What is the triple or quad screening?
The triple screening measures
the amounts of three substances in a pregnant woman's blood: alpha-fetoprotein (AFP), human chorionic gonadotropin (hCG), and estriol (uE3). When a test for the hormone inhibin A is added, it's called a
quad screening. These tests are also called the maternal serum triple or quad test, the
expanded AFP test, the AFP plus test, or the multiple marker screening test.
The amounts of these substances help your doctor find out the chance that
your baby has certain birth defects, such as
spina bifida, or
anencephaly. These tests can't show for sure that your baby has a birth defect. You would need a diagnostic test called amniocentesis to find out for sure if there is a problem.
The triple or quad screening is usually done at 15
to 20 weeks of pregnancy.
Each substance tested in a triple or
quad screening gives you different information about possible problems.
Together, these results give the best information. These screening tests look for the amount of:
Your doctor will look at the levels of these substances—along with your age and other factors—to see if your baby has a higher-than-average chance of having a birth defect.
How is it done?
A simple blood test is all that's needed for these tests.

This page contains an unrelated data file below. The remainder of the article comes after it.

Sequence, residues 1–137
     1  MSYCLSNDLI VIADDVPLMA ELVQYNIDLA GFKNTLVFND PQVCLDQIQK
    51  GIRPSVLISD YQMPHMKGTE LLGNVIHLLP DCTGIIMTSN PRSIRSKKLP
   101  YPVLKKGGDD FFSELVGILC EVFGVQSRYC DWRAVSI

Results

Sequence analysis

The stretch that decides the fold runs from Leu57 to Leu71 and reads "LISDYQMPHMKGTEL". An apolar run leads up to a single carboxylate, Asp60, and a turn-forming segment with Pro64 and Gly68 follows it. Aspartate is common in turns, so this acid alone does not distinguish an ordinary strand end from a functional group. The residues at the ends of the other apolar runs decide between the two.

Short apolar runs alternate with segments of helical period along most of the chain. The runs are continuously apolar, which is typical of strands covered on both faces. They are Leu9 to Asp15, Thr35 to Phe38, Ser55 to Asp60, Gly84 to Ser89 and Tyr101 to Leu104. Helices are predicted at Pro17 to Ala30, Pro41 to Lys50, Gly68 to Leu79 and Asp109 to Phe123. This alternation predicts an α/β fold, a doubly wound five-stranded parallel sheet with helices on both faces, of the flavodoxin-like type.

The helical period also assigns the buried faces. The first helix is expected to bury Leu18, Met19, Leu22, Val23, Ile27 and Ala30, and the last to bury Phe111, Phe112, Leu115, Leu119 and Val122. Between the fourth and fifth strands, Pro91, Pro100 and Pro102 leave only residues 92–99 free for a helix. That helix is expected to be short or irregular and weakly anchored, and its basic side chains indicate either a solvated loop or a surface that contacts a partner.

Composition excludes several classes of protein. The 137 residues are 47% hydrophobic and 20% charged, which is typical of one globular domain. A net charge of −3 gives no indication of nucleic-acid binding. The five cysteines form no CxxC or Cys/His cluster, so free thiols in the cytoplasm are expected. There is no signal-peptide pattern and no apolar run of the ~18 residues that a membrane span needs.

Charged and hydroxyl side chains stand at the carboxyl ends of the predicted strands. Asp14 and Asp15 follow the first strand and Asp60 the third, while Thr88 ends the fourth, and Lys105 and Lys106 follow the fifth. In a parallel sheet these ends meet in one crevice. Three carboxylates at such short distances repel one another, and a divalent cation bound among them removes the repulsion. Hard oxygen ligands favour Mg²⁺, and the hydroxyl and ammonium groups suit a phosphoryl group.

The health professional taking a sample of your blood will:
- Wrap an elastic band around your upper arm. This makes the veins below the band larger so it is easier to put a needle into the vein.
- Clean the needle site with alcohol.
- Put the needle into the vein.
- Attach a tube to the needle to fill it with blood.
- Remove the band from your arm when enough blood is collected.
- Put a gauze pad or cotton ball over the needle site as the needle is removed.
- Put pressure on the site and then put on a bandage.
How accurate is it?
A screening test shows the chance that a baby has a certain birth defect. The accuracy of a screening test is based on how often the test correctly finds a birth defect.
- The triple and quad tests correctly find neural tube defects, such as
spina bifida, in 80 out of 100 fetuses who have it and find anencephaly in about 90 out of 100 fetuses.1 The tests miss spina bifida in 20 out of 100 fetuses who have it and miss anencephaly in 10 out of 100 fetuses.
- The triple test correctly finds
Down syndrome in 69 out of 100 fetuses who have it. It misses the condition in 31 out of 100 fetuses.2
- The quad test correctly finds
Down syndrome in 81 out of 100 fetuses who have it. It misses Down syndrome in 19 out of 100 fetuses.2